The biggest puzzle to me, is how they know exactly how many they've sold. My books (and theirs) are sold on so many different sites and I haven't got a clue how many have been sold on which ones. Amazon Kindle is easy as they give a running total of downloads made, but as for the other sales elsewhere, I couldn't tell you how many are sold as I never look at them and I just wait for surprise royalty cheques to arrive. The fact these people know to the last number means they must be watching every site every day and all day long. I am far too busy for that for one thing and cannot see the point in such a fruitless exercise anyway.

Do we have accountants, solicitors, estate agents and the like all coming on Twitter telling us how many clients they saw today? Maybe shopkeepers should come on and tell us how many customers came in their shops and how many generated sales they had too. It is a very strange practice that seems unique to some authors who have to announce to the world how many books they've sold to date. Amongst themselves is one thing when they are discussing marketing methods and what works, but to tell anyone and everyone? No, it's not for me and I haven't seen any main stream authors doing it either. The day I see the likes of Patricia Cornwell, Harlan Coben or others tell us on a daily basis how many books they've sold today, is the day I decide the writing world is not for me. As I can't see them ever feeling the need to tell us about each sale they make, I think my writing career is safe.

2 comments:

  1. I don't see the point either personally. I haven't a clue how many books I've sold apart from directly off my blog which are signed copies and those on Kindle. I wouldn't know how to find on Amazon, though I do know people have bought it in paperback on Amazon because they've told me.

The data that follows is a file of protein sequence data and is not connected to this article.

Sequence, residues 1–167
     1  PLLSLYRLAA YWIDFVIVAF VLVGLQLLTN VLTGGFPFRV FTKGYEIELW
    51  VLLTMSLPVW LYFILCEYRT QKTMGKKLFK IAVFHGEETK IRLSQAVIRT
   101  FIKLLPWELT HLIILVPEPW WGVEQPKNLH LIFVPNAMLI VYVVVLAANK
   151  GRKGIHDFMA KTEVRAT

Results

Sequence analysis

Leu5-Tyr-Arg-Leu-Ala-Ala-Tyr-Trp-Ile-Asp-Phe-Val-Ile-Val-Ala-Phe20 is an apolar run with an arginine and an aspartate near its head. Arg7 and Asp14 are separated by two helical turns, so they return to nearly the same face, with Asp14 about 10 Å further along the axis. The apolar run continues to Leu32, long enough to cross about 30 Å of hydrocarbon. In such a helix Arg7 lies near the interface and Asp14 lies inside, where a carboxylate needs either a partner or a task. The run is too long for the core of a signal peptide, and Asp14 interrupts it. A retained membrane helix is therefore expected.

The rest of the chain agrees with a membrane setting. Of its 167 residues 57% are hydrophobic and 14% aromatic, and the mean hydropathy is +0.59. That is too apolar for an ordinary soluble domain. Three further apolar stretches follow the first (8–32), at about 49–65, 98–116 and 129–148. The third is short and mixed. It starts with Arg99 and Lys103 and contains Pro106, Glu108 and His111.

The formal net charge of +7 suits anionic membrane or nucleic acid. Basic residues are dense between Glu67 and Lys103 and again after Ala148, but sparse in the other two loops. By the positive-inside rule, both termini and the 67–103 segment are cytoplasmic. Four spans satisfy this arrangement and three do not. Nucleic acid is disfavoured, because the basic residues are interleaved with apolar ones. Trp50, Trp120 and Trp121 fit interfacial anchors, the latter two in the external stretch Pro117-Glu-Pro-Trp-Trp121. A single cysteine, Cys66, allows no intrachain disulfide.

It took me 3 years to complete my book and I paid out a substantial amount of money to have it edited, formatted and cover designed, all worth it of course, but I don't ever expect to make that money back. I will have my next book edited and I will pay for the service if I go down the self-publishing route, but one thing I would never do is announce that I've sold x amount of books on social networking sites for fear of looking, for want of a better word, desperate. That is said with no disrespect to those who do that because each to their own in my opinion, but if I've only sold 50 paper back copies compared to thousands sold by another, more well-known author, I would appear quite trivial and particularly novice, don't you think?!

    CJ xx

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  2. When I self published (on Lulu) the book my Father wrote about his mother, I purposely did not add anything to the publishing costs as I was never interested in making money out of it. I published it purely to keep the promise I made to my Father, that one way or another he would see it in print, which would mean he kept his promise to his mother. I personally bought copies for myself and my two sons as heirlooms, then other family members and some friends bought a copy. Since then I haven't checked how many have been sold.